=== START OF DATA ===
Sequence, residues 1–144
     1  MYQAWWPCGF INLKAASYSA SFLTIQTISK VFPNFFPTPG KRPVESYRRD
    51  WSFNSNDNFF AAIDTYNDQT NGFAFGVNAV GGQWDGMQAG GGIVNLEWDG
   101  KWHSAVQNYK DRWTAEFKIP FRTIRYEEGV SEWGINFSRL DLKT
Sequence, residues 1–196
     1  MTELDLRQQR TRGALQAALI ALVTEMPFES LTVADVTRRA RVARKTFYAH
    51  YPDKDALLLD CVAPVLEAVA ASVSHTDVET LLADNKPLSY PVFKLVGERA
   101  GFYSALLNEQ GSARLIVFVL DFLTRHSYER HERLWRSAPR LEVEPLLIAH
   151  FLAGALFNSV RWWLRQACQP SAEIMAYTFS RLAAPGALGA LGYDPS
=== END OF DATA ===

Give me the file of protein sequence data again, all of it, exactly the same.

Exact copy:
Sequence, residues 1–144
     1  MYQAWWPCGF INLKAASYSA SFLTIQTISK VFPNFFPTPG KRPVESYRRD
    51  WSFNSNDNFF AAIDTYNDQT NGFAFGVNAV GGQWDGMQAG GGIVNLEWDG
   101  KWHSAVQNYK DRWTAEFKIP FRTIRYEEGV SEWGINFSRL DLKT
Sequence, residues 1–196
     1  MTELDLRQQR TRGALQAALI ALVTEMPFES LTVADVTRRA RVARKTFYAH
    51  YPDKDALLLD CVAPVLEAVA ASVSHTDVET LLADNKPLSY PVFKLVGERA
   101  GFYSALLNEQ GSARLIVFVL DFLTRHSYER HERLWRSAPR LEVEPLLIAH
   151  FLAGALFNSV RWWLRQACQP SAEIMAYTFS RLAAPGALGA LGYDPS